A nervous wait for oil and gas investors

Investors in the oil and gas industry are bracing for what analysts suggest will be shocking news in the next few weeks as companies report their quarterly results.

Magellan Midstream in Tulsa will issue its report and hold an annual shareholders meeting Thursday. Williams Cos. will hold a meeting on Tuesday and Cheniere Energy will issue an earnings report on April 30. Others will follow and shareholders can only anticipate the gut-punching news.

Results so far bear out that the season will be grim for energy. On Monday, U.S. oilfield services giant Halliburton reported a $1 billion first-quarter loss on charges and outlined the largest budget cut yet among top energy companies, including more layoffs above and beyond the 600 workers let go earlier in the year in El Reno and the 350 last week in Duncan.

Forecasts for U.S. energy sector earnings this year have dropped along with oil prices, weighing on shares along with worries over debt, layoffs and possible bankruptcies according to a report by Reuters.

Analysts see a 58.9% year-over-year decline in energy earnings for the first quarter, steeper even than the 37.7% decline they projected at the start of the month, according to IBES data from Refinitiv. For the year, energy earnings are estimated to drop more than 95%.

Down a whopping 46% since Dec. 31, energy is by far the S&P 500’s worst-performing sector this year. For many Wall Street strategists, it has become a sector that is hard to recommend.

“It’s all messy, and it suggests there’s no easy way out of this. We have too much supply and too little demand,” said Sameer Samana, senior global market strategist at Wells Fargo Investment Institute in St. Louis, which downgraded energy shares to its “most unfavorable” rating from “neutral” in early February.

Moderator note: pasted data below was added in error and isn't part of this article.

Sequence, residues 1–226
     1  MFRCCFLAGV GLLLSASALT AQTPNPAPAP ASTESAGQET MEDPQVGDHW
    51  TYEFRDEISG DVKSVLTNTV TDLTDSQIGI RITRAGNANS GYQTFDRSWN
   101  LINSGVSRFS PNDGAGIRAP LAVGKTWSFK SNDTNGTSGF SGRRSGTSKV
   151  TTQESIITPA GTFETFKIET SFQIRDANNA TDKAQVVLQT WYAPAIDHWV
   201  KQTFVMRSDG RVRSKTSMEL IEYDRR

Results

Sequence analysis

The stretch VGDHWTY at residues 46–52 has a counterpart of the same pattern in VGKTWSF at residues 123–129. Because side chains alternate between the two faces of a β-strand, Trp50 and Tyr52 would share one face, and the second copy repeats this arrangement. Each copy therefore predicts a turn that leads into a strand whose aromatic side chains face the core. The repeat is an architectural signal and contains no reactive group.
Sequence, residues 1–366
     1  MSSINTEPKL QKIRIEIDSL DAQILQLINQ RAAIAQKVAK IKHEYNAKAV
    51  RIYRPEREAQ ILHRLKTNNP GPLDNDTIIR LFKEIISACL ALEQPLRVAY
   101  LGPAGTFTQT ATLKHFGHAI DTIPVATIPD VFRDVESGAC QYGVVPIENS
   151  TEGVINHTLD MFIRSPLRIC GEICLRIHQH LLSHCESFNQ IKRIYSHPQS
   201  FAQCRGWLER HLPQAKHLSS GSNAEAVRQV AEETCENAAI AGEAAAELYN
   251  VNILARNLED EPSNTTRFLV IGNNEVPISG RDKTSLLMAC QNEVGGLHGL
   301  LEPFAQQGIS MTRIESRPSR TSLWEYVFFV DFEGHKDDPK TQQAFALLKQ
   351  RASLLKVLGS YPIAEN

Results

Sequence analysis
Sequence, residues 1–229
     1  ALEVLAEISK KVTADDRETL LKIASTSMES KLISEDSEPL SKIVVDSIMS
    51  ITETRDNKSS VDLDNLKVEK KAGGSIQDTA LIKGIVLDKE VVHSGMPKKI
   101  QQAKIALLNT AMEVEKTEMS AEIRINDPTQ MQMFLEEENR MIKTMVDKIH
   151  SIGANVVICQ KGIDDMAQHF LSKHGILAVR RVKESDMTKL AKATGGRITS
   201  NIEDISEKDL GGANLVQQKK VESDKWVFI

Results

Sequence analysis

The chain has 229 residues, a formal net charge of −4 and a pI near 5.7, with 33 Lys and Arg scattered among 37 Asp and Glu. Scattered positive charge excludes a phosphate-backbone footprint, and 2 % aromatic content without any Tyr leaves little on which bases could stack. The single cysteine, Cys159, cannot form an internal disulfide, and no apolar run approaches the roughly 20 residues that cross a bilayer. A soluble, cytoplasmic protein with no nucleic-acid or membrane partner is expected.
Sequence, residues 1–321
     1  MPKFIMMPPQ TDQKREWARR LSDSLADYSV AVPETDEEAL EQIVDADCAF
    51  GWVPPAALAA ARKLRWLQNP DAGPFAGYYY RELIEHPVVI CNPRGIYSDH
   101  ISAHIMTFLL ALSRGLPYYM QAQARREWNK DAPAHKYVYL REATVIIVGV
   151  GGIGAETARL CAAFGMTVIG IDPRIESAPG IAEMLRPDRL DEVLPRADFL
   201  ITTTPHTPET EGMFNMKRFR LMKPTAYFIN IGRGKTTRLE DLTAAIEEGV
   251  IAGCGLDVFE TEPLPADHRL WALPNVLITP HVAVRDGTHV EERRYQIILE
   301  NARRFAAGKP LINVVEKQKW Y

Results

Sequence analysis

The supply-demand situation needs to improve for the outlook to get better, he said. “What it needs, in a market with investors that have very little patience, is probably for some time to pass.”

Oil prices have sold off amid concerns about rapidly filling storage space at the key Cushing, Oklahoma, delivery point, as demand collapses with the shutdown of businesses as U.S. states try to contain the coronavirus outbreak.

The spread of the coronavirus has cut fuel demand by roughly 30% worldwide in recent weeks, though oil inventories already had been building after Saudi Arabia and Russia in early March failed to come to terms on extending output cuts.

On Monday, U.S. oil prices ended in negative territory for the first time in history, with the May U.S. WTI contract settling at a discount of $37.63 a barrel.

Source: Reuters